Minnesota Veterans Home
Minnesota Soldiers' Home Historic District
|Location||Roughly bounded by Minnehaha Ave., Mississippi River, and Godfrey Pkwy., Minneapolis, Minnesota|
|Architect||Warren B. Dunnell; Horace W.S. Cleveland|
|Architectural style||Classical Revival, Art Deco, Romanesque|
|NRHP reference #||89000076 |
|Added to NRHP||March 02, 1989|
After the American Civil War and the devastation that it caused, there was sentiment that the United States should provide care for its veterans. The Minnesota Legislature authorized the establishment of the Soldiers' Home in 1887, as a "reward to the brave and deserving". Construction began the following year, in 1888. By 1911, the home had five men's cottages and one women's cottage, along with other buildings such as an infirmary, a dining hall, and so on. The home was originally envisioned as a place of rest and as a monument in appreciation of veterans' contributions. As such, it was beautifully landscaped, and medical care was not provided until after World War I. Even then, medical care was a secondary goal.
In the 1960s, the Soldiers' Home Board of Trustees recognized that the Home should provide health care as a primary goal. This shift was gradual. In 1968, the home was licensed for 56 nursing care beds and 375 boarding care beds, which were primarily non-medical care. The home was operated in a quasi-military fashion at the time. As priorities shifted, medical care became more of a focus. A new nursing care facility was built on the Minneapolis campus in 1972, with another following in 1980. In 1978, the old state hospital in Hastings was converted into a domiciliary residence for veterans. This resulted in a total of 250 nursing care beds in Minneapolis, 250 domiciliary beds in Minneapolis, and 200 domiciliary beds in Hastings.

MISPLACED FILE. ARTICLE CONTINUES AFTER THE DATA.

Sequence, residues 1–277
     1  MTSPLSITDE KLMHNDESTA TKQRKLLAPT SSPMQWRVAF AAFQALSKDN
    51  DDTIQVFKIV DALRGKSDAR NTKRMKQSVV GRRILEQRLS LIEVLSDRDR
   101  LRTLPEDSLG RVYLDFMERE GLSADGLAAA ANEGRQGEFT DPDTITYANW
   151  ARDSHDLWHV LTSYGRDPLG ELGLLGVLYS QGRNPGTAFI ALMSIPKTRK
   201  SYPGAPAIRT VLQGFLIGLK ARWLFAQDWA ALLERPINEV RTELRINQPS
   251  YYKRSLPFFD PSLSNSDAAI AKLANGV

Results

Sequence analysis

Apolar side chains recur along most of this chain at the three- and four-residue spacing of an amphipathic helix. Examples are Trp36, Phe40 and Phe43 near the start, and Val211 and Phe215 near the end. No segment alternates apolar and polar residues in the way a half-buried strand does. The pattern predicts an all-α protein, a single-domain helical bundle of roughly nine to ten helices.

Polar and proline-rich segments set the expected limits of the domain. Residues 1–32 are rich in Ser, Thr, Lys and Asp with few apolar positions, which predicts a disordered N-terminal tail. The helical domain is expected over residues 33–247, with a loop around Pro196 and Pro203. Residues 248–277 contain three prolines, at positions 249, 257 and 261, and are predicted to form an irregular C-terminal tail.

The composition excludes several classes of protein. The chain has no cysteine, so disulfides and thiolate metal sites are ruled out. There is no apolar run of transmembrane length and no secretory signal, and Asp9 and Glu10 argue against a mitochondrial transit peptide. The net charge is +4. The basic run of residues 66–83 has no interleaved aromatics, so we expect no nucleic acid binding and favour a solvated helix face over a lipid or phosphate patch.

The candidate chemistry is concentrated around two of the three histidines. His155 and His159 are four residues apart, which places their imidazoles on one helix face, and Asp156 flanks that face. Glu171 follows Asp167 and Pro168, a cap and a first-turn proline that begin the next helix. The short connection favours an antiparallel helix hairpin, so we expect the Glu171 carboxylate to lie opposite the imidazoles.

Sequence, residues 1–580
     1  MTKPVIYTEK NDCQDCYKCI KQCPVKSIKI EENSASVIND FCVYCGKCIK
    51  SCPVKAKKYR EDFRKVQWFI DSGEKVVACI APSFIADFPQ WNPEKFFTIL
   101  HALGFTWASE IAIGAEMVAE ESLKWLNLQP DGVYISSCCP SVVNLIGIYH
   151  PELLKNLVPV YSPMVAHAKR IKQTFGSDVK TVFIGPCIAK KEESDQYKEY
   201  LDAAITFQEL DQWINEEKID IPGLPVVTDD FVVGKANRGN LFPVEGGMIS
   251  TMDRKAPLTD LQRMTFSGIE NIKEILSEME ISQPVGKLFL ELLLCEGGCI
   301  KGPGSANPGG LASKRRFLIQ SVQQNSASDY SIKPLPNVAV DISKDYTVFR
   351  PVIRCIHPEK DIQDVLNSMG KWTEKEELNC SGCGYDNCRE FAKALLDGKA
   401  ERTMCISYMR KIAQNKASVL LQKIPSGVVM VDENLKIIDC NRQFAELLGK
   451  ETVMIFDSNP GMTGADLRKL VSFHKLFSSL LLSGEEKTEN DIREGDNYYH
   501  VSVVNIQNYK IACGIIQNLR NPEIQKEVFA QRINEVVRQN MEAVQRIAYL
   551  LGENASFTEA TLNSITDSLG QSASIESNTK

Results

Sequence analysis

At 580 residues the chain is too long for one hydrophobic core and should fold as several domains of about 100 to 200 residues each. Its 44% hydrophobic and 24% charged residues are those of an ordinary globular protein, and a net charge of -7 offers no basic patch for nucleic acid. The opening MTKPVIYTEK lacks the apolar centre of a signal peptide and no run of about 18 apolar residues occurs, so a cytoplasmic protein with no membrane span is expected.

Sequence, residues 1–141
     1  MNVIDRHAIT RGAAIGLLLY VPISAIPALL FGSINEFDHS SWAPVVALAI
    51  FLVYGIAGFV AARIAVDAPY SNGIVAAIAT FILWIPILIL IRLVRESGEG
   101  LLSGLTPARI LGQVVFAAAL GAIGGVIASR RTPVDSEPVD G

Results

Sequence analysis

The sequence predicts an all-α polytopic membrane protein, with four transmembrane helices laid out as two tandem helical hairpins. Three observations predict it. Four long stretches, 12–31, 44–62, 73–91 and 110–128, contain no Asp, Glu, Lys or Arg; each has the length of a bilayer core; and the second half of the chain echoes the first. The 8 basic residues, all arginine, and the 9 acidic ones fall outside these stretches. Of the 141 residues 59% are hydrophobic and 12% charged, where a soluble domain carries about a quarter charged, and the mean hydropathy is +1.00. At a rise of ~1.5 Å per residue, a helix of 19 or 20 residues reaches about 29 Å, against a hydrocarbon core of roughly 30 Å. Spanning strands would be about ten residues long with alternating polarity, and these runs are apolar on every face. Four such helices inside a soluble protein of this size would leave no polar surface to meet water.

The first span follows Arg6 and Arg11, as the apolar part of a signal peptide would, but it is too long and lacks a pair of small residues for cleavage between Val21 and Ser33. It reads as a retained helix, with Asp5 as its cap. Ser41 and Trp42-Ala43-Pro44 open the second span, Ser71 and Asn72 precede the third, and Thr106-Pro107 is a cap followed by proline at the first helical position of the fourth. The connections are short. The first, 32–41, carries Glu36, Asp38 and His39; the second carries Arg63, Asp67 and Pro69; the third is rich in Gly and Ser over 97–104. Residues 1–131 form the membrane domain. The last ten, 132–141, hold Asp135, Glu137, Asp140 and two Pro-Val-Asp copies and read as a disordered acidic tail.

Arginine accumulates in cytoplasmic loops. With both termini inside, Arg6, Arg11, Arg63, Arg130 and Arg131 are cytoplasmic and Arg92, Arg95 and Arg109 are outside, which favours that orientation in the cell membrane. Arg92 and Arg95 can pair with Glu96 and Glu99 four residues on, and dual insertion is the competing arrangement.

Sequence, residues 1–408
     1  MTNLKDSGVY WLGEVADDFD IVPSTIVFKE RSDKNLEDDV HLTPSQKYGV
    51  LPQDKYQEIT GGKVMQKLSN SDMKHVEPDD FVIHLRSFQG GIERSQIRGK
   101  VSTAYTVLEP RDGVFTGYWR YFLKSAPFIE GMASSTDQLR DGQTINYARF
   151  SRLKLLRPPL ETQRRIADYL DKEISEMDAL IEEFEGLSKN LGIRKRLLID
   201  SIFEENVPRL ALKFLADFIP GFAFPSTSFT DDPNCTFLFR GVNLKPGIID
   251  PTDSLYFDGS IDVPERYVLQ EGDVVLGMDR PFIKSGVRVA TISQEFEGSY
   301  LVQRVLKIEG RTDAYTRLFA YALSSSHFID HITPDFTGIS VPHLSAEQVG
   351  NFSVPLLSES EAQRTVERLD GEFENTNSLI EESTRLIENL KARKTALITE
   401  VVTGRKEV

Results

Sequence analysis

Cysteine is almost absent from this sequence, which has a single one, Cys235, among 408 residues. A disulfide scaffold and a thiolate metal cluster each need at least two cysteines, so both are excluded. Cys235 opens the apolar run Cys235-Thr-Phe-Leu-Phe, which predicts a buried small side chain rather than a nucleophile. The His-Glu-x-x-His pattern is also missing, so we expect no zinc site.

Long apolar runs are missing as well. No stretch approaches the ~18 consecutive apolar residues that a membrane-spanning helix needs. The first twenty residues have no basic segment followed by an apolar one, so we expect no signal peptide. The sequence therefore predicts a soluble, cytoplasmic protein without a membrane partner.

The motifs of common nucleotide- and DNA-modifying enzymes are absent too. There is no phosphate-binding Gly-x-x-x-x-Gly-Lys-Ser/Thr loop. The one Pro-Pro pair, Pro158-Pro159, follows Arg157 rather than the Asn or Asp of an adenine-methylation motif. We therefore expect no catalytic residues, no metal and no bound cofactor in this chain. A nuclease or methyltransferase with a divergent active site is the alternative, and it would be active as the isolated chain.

In 1988, the Legislature reorganized the Veterans Homes, separating them from the Department of Veterans Affairs. The Veterans Homes Board of Directors was established to turn the homes into high quality health care facilities while also considering the special needs of the veteran population. The Board has memberships from both the health care field and veterans' organizations.
There are now five Veterans Homes in Minnesota. The Minneapolis campus has 346 skilled nursing care beds and 77 domiciliary beds, and the Hastings campus has 200 domiciliary care beds. A home in Silver Bay has 89 skilled nursing care beds, a home in Luverne has 85 skilled nursing care beds, and a home in Fergus Falls has 85 skilled nursing care beds.
The veterans' community, from the days of the Grand Army of the Republic and the United Spanish War Veterans to the present, has been active in supporting the Minnesota Veterans Homes. They promote the homes and provide awareness of the services provided by the Veterans Homes. They also play a role in advocacy by promoting the causes of veterans to make sure their needs are met. The community has also monitored the homes to ensure that residents are receiving quality care. Finally, the veterans' community has provided very generous donations of money and equipment to the Homes. These donations have improved the quality of life for the residents.